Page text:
Warnock’s Dilemma is the situation described by Bryan Warnock in an August 2000 post to a Usenet group:
“The problem with no response is that there are five possible interpretations:
‘The post is correct, well-written information that needs no follow-up commentary. There’s nothing more to say except “Yeah, what he said.”
‘The post is complete and utter nonsense, and no one wants to waste the energy or bandwidth to even point this out.
‘No one read the post, for whatever reason.
‘No one understood the post, but won’t ask for clarification, for whatever reason.
‘No one cares about the post, for whatever reason.”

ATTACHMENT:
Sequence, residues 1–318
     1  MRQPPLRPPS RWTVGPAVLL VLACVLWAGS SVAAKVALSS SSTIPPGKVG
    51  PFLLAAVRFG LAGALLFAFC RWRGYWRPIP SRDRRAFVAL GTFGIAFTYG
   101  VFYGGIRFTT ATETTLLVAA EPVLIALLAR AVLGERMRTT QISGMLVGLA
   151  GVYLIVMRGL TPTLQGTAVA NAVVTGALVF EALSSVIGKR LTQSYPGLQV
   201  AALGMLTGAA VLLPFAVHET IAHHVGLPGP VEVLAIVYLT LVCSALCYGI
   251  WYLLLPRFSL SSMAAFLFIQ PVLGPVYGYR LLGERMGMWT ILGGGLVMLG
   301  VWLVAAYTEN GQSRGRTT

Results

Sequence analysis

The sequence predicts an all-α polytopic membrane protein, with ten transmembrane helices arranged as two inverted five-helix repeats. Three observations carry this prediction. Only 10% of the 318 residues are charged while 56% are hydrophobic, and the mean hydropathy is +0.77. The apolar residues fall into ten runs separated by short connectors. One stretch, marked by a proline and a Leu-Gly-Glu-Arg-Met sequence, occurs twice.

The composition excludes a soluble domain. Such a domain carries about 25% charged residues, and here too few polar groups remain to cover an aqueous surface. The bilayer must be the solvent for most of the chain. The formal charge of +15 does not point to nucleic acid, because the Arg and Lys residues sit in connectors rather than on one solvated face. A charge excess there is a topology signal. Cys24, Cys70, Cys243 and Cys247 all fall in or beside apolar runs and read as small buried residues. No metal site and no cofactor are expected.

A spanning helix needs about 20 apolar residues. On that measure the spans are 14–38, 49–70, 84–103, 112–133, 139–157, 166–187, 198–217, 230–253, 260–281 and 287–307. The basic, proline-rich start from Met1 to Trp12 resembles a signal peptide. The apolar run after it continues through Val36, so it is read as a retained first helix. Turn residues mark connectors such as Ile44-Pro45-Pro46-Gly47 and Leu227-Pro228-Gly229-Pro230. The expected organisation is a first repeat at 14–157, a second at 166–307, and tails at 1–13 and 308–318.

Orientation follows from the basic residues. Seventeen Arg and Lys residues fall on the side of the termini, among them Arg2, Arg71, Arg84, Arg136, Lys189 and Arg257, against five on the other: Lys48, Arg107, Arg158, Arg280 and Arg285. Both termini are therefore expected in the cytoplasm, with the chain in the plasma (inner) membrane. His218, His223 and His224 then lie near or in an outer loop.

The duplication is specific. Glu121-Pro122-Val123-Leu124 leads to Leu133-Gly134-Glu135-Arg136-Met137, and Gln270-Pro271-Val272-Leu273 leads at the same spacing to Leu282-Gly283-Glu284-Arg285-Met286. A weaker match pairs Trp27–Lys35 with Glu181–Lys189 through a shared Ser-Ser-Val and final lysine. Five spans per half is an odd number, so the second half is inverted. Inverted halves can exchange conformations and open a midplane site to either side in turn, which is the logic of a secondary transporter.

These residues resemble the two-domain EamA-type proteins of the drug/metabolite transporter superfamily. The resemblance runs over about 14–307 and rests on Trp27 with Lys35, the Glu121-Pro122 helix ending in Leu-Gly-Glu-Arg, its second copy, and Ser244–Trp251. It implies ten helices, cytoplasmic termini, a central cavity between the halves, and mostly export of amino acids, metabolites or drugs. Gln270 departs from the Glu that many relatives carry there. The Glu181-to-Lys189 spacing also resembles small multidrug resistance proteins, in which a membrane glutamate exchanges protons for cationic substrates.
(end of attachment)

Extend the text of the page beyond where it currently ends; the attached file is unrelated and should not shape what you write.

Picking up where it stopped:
The idea of lazy consensus can basically be described as: “Silence is consent”1). It is used as a decision making tool in larger groups of individuals.
The lazy consensus is a very effective tool to speed up development processes, may it be the development of OSS in an online community or the implementation of a new project step in a company. It gives every group member the equal chance to object, if necessary.
Since silence is considered to be consent, it is not obvious, how many members of the respective group have even seen the post, or read the article, or learned about the idea in question (known as Warnock’s Dilemma). The concept of the lazy consensus requires an active community in order to receive enough interest and, if necessary, adequate critical objections.
When using the lazy consensus, there is also a certain risk of receiving decisive objections at an advanced state of the project, implementation, or development. This might cause some turbulence that could have been avoided with another decision taking process.